The value of ISO accreditation | Network Languages
Posted on June 19, 2013 by Chris
For most companies, hiring a professional translation agency makes better business sense than having in house translators, particularly if many different languages are involved.
With so many Language Translation services on the market, choosing the right one for your needs can be a challenge, especially as measuring the accuracy and expertise of a translation is hardly an exact science. It’s no laughing matter, either, as the fallout from translation mistakes is at best embarrassing, at worst costly or even disastrous. This is where national standards and accreditations become so important, as they provide the customer with assurance that a company is aware of, and uses, quality control.
ISO is short for the International Organization for Standardization, which is responsible for maintaining national standards across a wide range of industries, including in the localisation and translation sector. ISO does not perform certification itself, but its Committee on Conformity Assessment (CASCO) has released a number of standards that are connected to the certification process.
Most relevant to the translation sector is ISO 9000, which deals with the basics of quality management, including the eight management principles on which the family of standards is based.
If a translation firm states that it is an ‘ISO 9001:2008 accredited company’, this means that a third party has provided independent confirmation that the organisation meets the requirements of ISO 9001.
The ISO accreditation is intended to show that there is a quality policy in place within the company and that it is understood and followed at all levels and by all employees. Employees work towards measurable objectives and quality is regularly audited and evaluated for conformance and effectiveness.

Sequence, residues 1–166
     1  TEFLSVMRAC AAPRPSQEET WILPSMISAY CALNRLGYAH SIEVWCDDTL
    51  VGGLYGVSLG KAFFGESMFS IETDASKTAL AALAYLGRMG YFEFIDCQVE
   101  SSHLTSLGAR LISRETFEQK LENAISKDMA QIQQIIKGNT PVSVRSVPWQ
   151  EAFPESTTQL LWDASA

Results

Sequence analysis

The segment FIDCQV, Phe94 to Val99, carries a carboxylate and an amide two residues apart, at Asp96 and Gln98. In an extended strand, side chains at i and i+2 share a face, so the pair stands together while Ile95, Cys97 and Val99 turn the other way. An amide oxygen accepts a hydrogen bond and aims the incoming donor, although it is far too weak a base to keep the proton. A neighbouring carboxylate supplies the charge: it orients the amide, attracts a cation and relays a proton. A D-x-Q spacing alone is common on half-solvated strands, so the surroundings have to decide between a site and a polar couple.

This kind of quality control is important for translation agencies and language specialists to ensure a level of conformity across translators and proofreaders. Customers need assurance that the translations they receive meet the high standards they expect and have been correctly translated: that lazy, sloppy translations are not acceptable, and that all translators are aware not only of both source and target language, but also of the cultural context of the language they are translating from as well as into. In addition, they want a guarantee that translators possess a solid understanding of the subject matter, and finally, that the material they have handed over will be treated as confidential and, if necessary, that all translators have signed a Non Disclosure Agreement.
Another form of accreditation is undertaken by the United Kingdom Accreditation Service, UKAS. This is also performed by a third party.
Human translation will always be superior to machine translation because human, native translators understand the cultural nuances. There is however no primary governing body over the translation and localisation industry, so certification like ISO 9001:2008 is important to keep customers assured that the firm they have chosen does have internal quality assurance procedures in place and that translators are suitably qualified and experienced. It is not firm proof of Language Translation Excellence, but in an ever-expanding market, it can be a decisive factor.
Network Languages is one of the few translation companies who have been independently audited and accredited with the full ISO9001:2008. This is a very tough and detailed process so don’t be fooled by companies who claim to be “certified” or “registered” ask to see their accreditation certificate.
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